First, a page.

It took scientists nearly 7,000 hours to exhume what some researchers are now calling the ‘Mona Lisa’ of dinosaurs.
A report released Thursday described the 110-million-year-old creature as “the best-preserved armored dinosaur ever found, and one of the best dinosaur specimens in the world.”
Shawn Funk, a mining machine operator in Alberta, Canada, stumbled on the 18-foot-long fossilized creature in 2011, according to AFP. The new species has been dubbed Borealopelta markmitchelli, in honor of Mark Mitchell, the museum technician who spent thousands of hours unearthing the specimen.
Caleb Brown, lead author of the report and a scientist at the Royal Tyrell Museum, told AFP the dinosaur is “one of the most beautiful” ever found.
“If you just squint your eyes a bit, you could almost believe it was sleeping,” Brown said.
Weighing nearly 3,000 pounds, the specimen is covered in well-preserved, scaly skin, leading researchers to believe it was a plant-eating ‘megaherbivore.’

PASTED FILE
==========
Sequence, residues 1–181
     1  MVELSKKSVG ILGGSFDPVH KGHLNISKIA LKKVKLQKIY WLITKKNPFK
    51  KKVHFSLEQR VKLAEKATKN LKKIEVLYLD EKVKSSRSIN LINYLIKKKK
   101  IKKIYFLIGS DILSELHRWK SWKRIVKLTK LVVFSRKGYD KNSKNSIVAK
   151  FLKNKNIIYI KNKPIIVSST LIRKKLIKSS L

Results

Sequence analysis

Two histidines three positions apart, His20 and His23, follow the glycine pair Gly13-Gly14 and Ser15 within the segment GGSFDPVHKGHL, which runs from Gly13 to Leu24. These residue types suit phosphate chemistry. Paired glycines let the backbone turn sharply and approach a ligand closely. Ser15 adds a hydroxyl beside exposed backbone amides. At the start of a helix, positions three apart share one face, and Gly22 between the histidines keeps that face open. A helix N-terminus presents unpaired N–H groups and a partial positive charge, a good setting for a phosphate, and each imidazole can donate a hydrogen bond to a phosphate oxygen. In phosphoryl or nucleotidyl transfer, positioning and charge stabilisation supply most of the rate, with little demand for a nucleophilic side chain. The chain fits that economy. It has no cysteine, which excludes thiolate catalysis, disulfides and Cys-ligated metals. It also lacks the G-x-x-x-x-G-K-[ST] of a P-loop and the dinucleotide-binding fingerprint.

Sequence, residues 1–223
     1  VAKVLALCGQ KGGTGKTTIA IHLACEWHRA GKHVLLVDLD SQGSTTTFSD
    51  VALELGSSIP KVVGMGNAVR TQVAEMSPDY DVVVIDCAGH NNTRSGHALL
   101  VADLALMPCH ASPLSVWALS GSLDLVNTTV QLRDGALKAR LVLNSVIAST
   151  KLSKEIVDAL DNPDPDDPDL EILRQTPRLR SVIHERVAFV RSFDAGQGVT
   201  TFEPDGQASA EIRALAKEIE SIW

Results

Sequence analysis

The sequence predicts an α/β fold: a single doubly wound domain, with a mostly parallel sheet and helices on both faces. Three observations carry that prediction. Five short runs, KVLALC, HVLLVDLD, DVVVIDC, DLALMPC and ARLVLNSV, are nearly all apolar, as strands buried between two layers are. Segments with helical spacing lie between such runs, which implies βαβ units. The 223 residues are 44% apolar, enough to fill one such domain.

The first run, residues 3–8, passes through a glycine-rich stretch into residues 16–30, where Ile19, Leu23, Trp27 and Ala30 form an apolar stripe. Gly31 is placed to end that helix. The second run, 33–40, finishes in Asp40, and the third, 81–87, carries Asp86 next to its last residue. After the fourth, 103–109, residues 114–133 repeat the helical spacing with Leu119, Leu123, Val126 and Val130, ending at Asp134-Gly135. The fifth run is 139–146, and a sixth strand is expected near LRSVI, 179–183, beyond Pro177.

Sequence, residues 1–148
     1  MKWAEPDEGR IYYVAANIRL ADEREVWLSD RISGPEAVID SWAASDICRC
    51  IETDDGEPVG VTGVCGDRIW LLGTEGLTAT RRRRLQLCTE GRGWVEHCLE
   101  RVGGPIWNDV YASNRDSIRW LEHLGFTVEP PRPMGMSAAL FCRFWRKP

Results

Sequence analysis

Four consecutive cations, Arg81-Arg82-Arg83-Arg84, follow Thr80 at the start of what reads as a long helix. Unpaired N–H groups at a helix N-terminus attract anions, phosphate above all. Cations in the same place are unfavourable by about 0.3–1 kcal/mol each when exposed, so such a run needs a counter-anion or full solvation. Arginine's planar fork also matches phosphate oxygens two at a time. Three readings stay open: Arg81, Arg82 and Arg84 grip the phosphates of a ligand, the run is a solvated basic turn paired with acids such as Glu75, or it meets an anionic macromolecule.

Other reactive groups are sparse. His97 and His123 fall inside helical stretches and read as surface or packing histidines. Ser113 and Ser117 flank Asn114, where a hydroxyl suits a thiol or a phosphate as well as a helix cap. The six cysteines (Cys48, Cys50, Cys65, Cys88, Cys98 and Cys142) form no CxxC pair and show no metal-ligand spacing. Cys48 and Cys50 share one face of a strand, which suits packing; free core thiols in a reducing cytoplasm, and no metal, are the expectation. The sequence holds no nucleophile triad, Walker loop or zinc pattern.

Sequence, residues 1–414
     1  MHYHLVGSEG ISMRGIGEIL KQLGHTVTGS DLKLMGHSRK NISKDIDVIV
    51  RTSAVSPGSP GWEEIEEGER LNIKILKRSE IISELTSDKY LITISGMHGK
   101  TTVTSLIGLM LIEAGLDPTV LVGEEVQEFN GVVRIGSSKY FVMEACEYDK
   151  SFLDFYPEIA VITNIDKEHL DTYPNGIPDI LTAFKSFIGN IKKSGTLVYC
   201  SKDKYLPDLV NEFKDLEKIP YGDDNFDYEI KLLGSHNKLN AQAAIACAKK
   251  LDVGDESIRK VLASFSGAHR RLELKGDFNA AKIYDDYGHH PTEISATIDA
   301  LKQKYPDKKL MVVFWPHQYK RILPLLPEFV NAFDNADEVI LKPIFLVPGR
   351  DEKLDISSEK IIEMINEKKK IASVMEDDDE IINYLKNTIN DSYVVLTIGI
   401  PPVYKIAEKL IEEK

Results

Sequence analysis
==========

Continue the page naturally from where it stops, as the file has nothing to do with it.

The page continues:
Using a chemical analysis of the dinosaur’s scales, the team determined the species had reddish-brown pigmented skin. It most likely employed a method of camouflage known as countershading, in which the surface skin is darker than the skin on the underside of the body.
The dinosaur’s countershading method surprised researchers, as this type of camouflage is often used today by smaller animals such as penguins, armadillos and deer. This led the team to conclude the scaly creature faced substantial threats from considerably large carnivores.
“Strong predation on a massive, heavily-armored dinosaur illustrates just how dangerous the dinosaur predators of the Cretaceous must have been,” Brown said.
The research team hopes to study the dinosaur’s gut contents for clues regarding its last meal.
The specimen was first unveiled in May and is currently on display at the Royal Tyrrell Museum of Paleontology in Alberta.